By New Times Staff
By Claire Lawton
By Robrt L. Pela
By Robrt L. Pela
By Robrt L. Pela
By Robrt L. Pela
By Benjamin Leatherman
By By Kathleen Vanesian
When Neil Simon's name appears in print, it's usually set off by one of those nearly epigrammatic phrases like "a name that is synonymous with American comedy," or "Pulitzer Prize-winning playwright." Given the number of Simon plays that was produced here last year, his name might well have been appended with "King of the Phoenix stage." For booking frequency, the multiple Tony Award-winning playwright's work beat out Shakespeare two-to-one during the 1996-97 season. Eight of Simon's better-known works were presented by seven different companies. Three opened on the same weekend.
Last season's production flurry and a pre-Broadway run of Proposals, his latest work, playing now at the Orpheum Theatre, suggest that Phoenix is a Simon kind of town. But apparently all that is Simonized is not gold. Ticket sales for last year's Simonfest were reportedly disappointing, and only two companies are producing his plays this season. Despite all the hoopla over Proposals, Simon may have lost his Midas touch in Phoenix.
While Simon made money for Arizona Jewish Theatre Company last year (two of its four shows were Simon comedies, a strategy it's repeating this year), several other companies report that sales were only slightly better for Neil Simon plays than for the rest of their fare.
"Chapter Two didn't do as well for us as we expected it to," says Marc Kellenberger, Phoenix Theatre's development director. In fact, that show fared only slightly better than the company's two worst box-office duds, despite it starring Phoenix favorite Kathy Fitzgerald in her first post-Broadway performance here. A few months later, a road-company production of The Odd Couple played to half-empty houses at the Chandler Center for the Arts.
"Most of our shows sell out," reports Katrina Mueller, the Chandler Center's events coordinator. "We thought a Neil Simon play was a sure bet, but, by the time it opened, audiences were pretty Simoned out." Despite The Odd Couple's lousy sales, Mueller says she's willing to take another chance on booking another Simon play, "because his name carries a guarantee that we're going to get some kind of audience."
Proposals' producers are hoping that the Phoenix audience response will help polish the new romantic comedy before it settles on Broadway. At a press conference last March to announce its debut here, Simon said that Phoenix is the "perfect proving ground" for his work, which is pretty insulting when you consider that his tales of middle-class American life are all painfully passe and peopled with emotionless automatons.
But someone in Simon's camp did his or her homework: According to Samuel French Inc., which licenses Simon's plays to theater companies around the world, Phoenix ranks near the top of the list of cities that frequently stage Neil Simon plays. French spokesperson Arden Heide explains it with a polite jab. Simon comedies are popular, he says, "because they stand up so well in amateur theater. There are some really fine plays out there that don't come across unless you have excellent actors and a good director. You have to be really untalented to ruin one of Simon's plays--they're sort of foolproof."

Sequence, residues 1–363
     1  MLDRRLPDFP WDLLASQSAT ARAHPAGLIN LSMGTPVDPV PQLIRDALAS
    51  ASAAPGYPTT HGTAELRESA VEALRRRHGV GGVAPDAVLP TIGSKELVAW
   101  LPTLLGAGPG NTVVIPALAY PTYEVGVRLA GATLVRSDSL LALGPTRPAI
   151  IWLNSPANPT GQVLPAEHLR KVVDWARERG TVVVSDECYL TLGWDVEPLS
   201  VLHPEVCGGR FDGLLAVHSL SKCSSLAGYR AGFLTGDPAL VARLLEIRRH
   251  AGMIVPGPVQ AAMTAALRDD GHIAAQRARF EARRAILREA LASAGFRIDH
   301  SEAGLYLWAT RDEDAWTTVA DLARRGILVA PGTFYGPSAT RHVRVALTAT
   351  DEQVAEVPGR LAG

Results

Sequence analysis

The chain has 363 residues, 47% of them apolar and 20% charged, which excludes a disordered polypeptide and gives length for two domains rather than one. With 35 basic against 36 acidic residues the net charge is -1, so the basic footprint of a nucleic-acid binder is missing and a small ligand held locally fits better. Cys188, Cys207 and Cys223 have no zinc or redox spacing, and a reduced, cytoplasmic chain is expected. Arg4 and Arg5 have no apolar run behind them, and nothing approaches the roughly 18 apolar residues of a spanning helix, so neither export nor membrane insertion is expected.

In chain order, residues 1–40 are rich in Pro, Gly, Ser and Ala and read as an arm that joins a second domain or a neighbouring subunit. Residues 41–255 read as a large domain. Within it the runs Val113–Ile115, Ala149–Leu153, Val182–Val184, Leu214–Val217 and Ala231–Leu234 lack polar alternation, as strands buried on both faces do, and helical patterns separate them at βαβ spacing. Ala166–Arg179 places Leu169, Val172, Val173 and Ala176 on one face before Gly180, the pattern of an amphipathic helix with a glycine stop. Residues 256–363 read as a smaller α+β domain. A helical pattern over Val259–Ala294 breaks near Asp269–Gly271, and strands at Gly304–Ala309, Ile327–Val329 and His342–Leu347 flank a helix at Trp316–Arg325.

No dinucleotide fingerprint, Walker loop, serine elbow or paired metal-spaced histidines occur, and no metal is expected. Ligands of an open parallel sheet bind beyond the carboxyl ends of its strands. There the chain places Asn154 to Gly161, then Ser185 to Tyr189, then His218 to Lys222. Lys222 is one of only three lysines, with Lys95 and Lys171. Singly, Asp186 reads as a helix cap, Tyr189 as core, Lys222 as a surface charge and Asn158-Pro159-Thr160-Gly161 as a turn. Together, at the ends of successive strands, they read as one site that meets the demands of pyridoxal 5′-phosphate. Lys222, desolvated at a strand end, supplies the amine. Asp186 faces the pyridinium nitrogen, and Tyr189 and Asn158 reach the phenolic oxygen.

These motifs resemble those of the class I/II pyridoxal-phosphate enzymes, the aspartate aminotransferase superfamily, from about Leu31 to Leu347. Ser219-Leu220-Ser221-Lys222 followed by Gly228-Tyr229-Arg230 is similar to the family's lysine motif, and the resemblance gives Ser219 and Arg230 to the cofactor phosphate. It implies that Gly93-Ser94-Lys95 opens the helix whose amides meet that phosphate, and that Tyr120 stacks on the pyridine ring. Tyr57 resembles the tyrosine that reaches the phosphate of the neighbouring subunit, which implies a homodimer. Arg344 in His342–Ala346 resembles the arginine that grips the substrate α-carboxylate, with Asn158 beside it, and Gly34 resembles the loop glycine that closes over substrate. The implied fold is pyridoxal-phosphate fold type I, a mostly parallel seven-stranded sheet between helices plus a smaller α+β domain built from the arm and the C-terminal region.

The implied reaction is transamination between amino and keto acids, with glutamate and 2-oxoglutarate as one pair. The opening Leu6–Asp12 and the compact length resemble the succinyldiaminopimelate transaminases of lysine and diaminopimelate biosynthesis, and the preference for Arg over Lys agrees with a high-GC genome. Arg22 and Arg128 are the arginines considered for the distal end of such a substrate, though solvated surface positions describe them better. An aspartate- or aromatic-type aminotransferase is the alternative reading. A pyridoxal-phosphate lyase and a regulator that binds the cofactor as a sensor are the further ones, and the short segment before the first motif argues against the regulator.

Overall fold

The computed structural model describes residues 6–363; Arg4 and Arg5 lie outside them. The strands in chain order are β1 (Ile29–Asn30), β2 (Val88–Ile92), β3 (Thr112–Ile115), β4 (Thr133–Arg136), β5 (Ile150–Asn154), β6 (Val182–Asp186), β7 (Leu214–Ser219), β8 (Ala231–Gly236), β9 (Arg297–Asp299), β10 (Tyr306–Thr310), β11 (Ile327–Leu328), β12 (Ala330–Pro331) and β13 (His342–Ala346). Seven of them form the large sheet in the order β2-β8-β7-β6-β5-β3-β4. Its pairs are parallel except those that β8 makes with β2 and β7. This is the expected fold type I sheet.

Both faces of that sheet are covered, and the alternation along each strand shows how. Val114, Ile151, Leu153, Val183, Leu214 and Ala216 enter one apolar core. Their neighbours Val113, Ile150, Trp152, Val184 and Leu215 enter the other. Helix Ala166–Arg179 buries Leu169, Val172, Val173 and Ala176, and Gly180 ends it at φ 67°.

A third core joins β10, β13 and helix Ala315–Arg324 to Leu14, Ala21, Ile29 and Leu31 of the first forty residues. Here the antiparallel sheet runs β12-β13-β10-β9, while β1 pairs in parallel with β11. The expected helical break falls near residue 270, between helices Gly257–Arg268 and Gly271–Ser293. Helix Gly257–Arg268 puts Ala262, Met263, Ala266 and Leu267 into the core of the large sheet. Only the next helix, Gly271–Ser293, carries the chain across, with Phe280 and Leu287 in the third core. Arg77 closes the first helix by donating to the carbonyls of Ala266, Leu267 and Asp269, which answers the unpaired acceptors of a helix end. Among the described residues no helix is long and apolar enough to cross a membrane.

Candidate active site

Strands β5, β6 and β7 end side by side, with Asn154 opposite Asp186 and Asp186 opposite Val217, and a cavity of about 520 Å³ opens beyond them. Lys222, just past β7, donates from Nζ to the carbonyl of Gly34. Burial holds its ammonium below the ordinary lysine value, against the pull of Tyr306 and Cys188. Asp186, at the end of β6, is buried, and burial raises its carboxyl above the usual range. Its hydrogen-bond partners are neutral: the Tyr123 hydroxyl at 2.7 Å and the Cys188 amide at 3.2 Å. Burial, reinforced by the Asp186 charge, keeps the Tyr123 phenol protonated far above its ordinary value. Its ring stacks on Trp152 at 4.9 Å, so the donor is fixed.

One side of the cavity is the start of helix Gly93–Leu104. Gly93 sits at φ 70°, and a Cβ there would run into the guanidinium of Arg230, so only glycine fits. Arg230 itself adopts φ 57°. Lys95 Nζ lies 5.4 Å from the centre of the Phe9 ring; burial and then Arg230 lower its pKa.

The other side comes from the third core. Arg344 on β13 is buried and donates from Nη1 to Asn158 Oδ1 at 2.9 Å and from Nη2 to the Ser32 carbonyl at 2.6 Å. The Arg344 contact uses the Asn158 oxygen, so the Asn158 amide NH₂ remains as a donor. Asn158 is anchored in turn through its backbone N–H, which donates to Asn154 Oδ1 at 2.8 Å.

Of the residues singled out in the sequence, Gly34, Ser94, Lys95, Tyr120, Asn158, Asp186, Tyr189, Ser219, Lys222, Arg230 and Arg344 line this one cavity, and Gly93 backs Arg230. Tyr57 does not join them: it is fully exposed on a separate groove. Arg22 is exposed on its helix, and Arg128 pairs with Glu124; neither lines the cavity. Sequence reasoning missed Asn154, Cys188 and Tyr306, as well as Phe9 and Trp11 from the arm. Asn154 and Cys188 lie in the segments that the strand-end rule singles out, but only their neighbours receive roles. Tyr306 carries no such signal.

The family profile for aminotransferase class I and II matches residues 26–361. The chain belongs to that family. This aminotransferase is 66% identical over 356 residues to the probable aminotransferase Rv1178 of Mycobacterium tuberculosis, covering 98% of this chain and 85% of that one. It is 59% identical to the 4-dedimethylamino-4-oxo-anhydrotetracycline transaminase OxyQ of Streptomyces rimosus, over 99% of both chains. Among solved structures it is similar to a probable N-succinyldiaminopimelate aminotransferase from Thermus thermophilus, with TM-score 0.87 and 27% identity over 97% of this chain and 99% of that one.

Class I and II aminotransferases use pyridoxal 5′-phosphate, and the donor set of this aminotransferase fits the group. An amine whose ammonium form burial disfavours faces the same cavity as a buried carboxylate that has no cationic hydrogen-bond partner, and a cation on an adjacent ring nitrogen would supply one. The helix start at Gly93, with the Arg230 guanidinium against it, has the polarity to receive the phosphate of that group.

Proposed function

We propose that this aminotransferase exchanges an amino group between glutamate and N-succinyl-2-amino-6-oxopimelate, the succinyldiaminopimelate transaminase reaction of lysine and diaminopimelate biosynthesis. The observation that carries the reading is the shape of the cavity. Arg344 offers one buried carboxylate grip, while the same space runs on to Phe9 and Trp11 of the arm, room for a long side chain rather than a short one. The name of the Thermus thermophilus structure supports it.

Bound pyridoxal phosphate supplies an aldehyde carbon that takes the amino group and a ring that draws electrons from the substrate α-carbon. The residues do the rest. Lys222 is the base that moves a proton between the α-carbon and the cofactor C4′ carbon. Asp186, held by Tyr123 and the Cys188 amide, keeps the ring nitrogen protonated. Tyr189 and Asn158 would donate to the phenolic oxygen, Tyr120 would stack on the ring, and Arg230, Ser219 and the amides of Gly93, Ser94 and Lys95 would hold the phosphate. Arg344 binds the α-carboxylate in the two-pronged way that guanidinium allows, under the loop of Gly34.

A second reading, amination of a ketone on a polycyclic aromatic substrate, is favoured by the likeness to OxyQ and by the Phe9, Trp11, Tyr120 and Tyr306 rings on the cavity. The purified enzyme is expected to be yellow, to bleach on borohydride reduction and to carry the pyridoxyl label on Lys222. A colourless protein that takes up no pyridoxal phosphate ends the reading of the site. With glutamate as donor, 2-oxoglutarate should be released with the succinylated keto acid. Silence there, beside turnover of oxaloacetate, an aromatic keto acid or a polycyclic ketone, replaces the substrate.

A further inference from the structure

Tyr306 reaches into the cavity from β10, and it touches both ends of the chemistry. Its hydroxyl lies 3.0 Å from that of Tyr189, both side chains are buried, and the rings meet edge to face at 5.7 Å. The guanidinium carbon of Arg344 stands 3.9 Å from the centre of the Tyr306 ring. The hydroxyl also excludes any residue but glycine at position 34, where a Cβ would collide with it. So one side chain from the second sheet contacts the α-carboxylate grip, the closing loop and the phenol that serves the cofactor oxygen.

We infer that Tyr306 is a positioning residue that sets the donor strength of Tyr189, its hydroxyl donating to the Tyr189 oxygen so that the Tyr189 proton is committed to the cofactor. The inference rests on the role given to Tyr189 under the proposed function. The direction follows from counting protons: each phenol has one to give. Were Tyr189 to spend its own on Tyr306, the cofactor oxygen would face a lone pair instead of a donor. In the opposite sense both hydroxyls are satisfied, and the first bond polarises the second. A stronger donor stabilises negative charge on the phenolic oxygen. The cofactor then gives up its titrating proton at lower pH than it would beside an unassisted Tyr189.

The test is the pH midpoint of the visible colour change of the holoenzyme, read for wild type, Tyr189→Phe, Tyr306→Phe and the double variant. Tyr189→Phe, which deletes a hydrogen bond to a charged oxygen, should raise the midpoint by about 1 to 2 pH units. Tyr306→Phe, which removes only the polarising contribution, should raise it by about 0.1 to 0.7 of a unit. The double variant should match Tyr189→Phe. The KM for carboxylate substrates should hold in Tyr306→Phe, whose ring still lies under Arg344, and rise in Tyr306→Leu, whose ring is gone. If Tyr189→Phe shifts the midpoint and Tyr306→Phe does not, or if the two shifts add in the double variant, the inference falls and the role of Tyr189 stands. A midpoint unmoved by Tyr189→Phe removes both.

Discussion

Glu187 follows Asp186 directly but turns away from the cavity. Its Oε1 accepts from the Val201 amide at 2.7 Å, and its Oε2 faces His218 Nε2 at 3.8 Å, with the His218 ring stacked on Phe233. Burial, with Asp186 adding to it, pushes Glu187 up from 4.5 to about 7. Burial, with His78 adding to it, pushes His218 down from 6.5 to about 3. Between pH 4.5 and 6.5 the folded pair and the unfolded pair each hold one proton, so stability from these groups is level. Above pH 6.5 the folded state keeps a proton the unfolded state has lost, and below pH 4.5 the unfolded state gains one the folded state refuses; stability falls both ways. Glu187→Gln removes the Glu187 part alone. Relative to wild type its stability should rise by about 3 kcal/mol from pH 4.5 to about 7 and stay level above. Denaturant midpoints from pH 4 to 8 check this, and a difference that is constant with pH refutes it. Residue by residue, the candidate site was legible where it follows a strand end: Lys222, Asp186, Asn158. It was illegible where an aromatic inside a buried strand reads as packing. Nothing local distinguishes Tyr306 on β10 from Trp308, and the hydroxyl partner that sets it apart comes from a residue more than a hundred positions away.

Heide believes that our proximity to Sun City likely has something to do with Simon's success here. "Phoenix is right up there with parts of Florida and upstate New York for licensing Simon plays," he says. "Anywhere you've got a lot of New York retirees, you've got a Neil Simon audience. For them, seeing one of his stories is like looking at an old photo album of New York."
Spoon-feeding tired old comedies to a septuagenarian audience won't ensure the success of local theater, according to at least one local producer. "When you book Neil Simon, you're sending a message to your audience that says, 'We are uncool and we're going to give you stuff you've seen before,'" says Mike Fenlason of the Unlikely Theatre Company, a playhouse that produces classics and new works by local writers. He says optioning Simon's work won't build audience loyalty. "The audience that turns up for a Simon comedy is going to want any old sitcom, and since they can find that at most little theaters, they don't develop a loyalty to your company."
Despite his disdain, Fenlason admits that Simon plays dependably fill the coffers of struggling community playhouses, even though Simon's shows rarely sell out anymore. "It's too bad that fresher, more talented playwrights--like Christopher Durang or Nicky Silver--aren't considered foolproof. Simon provides no challenge; his plays are just about making money so the company can stay afloat."
"No one is mistaking this stuff for art," Heide says of Simon's oeuvre. "Face it. Fewer people have heard of Paddy Chayefsky than Neil Simon, and he's just going to keep getting bigger, even if he's produced in Phoenix every week and doesn't sell every seat. And you can bet that, after Proposals plays Broadway next year, you'll have another rush of Neil Simon shows in your town. I guarantee it."
Neil Simon's Proposals continues through Thursday, September 11, at the Orpheum Theatre, 203 West Adams. For more details, see Calendar.
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